A new image of vast filaments of frigid interstellar dustthat reach across our Milky Way galaxy is giving scientists new clues into theforces behind the birth of new stars and the galaxy's shape.
The European Space Agencys (ESA) Planck space observatorytook the new cosmic snapshot of dust structures spread across a region of spacewithin 500 light-years of the sun. In the image, the dust filaments link up tothe plane of Milky Way galaxy, which appears as a pink, horizontal bar acrossthe bottom of the image.
"What makes these structures have these particularshapes is not well understood," said ESA's Planck project scientist JanTauber in a statement.
The new image is color-coded to depict the temperaturesof different regions within the view. The whitish-pink areas are regions thatare just a few tens of degrees above absolute zero, the theoretical coldesttemperature possible in the universe (minus 459 degrees Fahrenheit or minus 273degrees Celsius). ?Deeper, richer colors mark areas of minus 437 degreesFahrenheit (minus 261 degrees Celsius). That's just 12 degrees Celsius warmerthan absolute zero.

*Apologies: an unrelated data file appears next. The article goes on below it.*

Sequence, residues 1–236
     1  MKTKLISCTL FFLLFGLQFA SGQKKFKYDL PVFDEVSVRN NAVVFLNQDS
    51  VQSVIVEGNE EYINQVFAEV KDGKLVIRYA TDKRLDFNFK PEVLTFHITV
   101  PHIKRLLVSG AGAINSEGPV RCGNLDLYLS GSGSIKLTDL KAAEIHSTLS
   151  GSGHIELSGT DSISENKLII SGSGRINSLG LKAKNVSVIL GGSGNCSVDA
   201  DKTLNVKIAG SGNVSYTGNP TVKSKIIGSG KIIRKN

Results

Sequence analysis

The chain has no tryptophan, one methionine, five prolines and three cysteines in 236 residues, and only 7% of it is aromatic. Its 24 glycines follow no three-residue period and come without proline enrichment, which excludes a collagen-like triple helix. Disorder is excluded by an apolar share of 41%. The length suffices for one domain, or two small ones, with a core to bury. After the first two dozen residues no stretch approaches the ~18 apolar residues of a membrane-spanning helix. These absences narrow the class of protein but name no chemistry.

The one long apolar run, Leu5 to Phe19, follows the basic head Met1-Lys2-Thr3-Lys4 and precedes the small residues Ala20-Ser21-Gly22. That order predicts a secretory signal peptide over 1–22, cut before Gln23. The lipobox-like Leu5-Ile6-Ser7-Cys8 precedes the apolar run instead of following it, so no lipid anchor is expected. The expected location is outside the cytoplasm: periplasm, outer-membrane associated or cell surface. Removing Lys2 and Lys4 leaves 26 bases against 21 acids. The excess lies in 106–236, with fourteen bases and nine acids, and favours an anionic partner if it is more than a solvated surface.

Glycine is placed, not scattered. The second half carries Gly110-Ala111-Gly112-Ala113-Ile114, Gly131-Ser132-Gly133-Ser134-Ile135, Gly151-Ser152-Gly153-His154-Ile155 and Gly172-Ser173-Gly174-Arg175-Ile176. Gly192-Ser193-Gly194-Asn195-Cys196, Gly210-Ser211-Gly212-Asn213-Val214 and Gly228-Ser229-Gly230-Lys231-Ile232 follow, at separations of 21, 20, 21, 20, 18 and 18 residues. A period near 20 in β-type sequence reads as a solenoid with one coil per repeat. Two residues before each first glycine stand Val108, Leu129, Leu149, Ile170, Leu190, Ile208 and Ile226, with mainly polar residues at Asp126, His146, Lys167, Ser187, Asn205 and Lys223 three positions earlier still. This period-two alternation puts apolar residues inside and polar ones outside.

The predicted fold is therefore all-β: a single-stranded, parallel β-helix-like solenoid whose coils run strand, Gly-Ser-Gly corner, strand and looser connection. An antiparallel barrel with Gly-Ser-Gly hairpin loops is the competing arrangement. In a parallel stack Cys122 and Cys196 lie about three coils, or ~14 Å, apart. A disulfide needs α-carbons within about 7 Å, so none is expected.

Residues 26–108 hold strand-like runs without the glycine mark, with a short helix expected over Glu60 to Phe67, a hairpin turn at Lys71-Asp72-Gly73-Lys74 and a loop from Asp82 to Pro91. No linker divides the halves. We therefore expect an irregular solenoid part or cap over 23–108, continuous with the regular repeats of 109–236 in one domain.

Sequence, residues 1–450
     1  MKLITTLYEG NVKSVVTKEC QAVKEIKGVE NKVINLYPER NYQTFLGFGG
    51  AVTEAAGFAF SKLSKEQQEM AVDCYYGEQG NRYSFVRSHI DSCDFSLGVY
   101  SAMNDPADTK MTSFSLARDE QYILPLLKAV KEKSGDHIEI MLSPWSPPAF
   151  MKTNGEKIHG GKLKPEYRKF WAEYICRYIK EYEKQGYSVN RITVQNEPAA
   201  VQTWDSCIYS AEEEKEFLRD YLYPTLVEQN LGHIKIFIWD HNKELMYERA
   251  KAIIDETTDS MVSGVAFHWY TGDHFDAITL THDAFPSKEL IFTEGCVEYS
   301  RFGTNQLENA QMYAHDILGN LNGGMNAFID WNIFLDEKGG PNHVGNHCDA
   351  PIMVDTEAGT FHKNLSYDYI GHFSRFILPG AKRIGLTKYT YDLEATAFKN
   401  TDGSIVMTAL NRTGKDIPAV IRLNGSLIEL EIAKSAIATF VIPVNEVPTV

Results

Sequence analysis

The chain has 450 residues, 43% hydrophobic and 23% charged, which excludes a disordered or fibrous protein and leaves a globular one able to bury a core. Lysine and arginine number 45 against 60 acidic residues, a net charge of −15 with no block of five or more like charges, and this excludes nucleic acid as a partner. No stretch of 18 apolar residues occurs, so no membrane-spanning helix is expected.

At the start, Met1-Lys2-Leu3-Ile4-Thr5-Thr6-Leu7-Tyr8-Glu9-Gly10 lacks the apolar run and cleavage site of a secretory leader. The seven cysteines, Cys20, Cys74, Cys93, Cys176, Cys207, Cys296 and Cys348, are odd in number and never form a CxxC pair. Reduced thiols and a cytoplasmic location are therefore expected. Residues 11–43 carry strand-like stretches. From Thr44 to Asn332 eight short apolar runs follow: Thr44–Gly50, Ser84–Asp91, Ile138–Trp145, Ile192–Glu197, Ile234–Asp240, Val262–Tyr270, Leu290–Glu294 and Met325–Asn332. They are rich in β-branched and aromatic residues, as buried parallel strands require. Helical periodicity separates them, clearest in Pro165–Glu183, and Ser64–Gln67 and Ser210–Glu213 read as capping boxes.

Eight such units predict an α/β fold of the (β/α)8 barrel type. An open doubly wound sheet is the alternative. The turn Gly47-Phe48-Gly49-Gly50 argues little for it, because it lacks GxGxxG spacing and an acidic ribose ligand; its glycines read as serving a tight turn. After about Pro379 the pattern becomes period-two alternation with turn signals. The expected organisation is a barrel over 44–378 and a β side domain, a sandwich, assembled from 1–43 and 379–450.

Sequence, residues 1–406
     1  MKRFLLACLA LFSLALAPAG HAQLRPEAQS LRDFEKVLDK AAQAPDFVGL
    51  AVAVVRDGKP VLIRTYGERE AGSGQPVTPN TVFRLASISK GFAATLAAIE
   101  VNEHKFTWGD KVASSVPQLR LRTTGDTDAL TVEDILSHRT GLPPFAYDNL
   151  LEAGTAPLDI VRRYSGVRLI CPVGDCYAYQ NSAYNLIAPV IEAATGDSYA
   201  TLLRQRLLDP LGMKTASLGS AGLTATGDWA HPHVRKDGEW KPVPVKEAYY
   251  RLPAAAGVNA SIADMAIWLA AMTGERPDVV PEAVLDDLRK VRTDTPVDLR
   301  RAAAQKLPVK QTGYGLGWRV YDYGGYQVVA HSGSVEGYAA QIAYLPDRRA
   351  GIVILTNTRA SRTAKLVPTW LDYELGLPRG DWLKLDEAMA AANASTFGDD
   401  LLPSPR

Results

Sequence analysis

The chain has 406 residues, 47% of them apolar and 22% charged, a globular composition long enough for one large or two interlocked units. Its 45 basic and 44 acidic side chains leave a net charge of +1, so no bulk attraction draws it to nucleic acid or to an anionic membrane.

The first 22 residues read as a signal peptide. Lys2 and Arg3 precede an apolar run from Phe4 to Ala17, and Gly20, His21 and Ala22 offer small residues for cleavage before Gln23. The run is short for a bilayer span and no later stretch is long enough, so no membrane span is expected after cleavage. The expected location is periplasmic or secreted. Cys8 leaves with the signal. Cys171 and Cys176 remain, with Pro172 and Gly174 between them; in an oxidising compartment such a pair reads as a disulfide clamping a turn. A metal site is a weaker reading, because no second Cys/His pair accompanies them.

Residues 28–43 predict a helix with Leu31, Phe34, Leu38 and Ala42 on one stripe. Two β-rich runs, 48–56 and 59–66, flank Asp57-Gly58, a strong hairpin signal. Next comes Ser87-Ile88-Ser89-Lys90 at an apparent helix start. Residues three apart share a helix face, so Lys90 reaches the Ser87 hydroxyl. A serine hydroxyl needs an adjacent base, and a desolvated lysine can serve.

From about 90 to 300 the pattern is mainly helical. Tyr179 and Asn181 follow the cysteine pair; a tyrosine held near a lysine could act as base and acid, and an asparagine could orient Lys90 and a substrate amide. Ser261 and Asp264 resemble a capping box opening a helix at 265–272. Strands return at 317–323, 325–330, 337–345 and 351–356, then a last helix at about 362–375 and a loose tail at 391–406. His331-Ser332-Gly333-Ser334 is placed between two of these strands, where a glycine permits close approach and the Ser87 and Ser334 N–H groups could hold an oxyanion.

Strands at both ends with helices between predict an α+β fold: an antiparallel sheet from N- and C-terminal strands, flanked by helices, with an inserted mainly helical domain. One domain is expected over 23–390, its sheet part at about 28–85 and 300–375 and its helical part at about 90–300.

While the warmer dust is concentrated along the plane ofthe Milky Way, the colder dust hovers above and below the galaxy's plane.
The Planckobservatory is designed to study the early universe bystudying the cosmic microwave background — light emitted just after the BigBang, which is thought to have created the universe 13.7 billion years ago.
The structures observed by Planck in the new imageinclude molecular clouds in more diffuse regions, as well as so-called "cirrus"dust clouds. They are made of both dust and gas, though the interstellar gascomponent is not directly visible, ESA officials said.
The clouds are pulled to and fro by a galaxy?s rotationand gravity, and can also be affected by radiation and particle jets that swirltheir component gas and dust around.
The bright clumps seen in the Planck image are collectionsof matter that may offer a safe harbor for new star formation. As these clumpscollapse inward on themselves they become denser, offering a more substantialshield against exterior light and radiation.
That shield can allow the clumps to cool and collapsefaster to make new stars, ESA officials said.
Planck launched in May 2009 alongside ESA's Herschelinfrared space observatory, which is also mappingthe universe to make detailed observation of structureson a smaller scale than Planck's view.
The new image from Planck reinforces a cosmic oddity thatis perplexing astronomers, ESA officials said. That question is why thelarge-scale dust filaments seen by Planck are similar to smaller-scale onesobserved by Herschel.
"That?s a big question," Tauber said.
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